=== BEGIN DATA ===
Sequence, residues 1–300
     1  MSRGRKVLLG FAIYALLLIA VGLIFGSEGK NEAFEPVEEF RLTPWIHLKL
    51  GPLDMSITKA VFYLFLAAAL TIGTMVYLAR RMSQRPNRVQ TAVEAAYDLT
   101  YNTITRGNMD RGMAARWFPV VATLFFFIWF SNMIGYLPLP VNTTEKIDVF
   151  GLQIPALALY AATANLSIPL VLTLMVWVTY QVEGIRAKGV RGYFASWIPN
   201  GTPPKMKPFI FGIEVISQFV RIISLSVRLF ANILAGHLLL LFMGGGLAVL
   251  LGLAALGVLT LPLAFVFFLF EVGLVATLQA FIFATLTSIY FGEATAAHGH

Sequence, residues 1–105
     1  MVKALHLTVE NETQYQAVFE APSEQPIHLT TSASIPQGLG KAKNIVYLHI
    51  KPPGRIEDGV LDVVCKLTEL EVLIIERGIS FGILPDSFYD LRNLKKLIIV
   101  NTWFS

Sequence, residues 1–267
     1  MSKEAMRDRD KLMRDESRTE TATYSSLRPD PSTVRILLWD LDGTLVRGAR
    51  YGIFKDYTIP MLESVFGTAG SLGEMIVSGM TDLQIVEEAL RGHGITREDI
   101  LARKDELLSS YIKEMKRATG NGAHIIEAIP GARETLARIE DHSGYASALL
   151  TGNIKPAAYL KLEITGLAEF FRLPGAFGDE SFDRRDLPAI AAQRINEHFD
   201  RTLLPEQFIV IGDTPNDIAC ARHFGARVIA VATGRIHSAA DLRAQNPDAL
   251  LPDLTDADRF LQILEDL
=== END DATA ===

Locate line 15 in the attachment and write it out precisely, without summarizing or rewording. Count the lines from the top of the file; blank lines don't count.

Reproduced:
   101  LARKDELLSS YIKEMKRATG NGAHIIEAIP GARETLARIE DHSGYASALL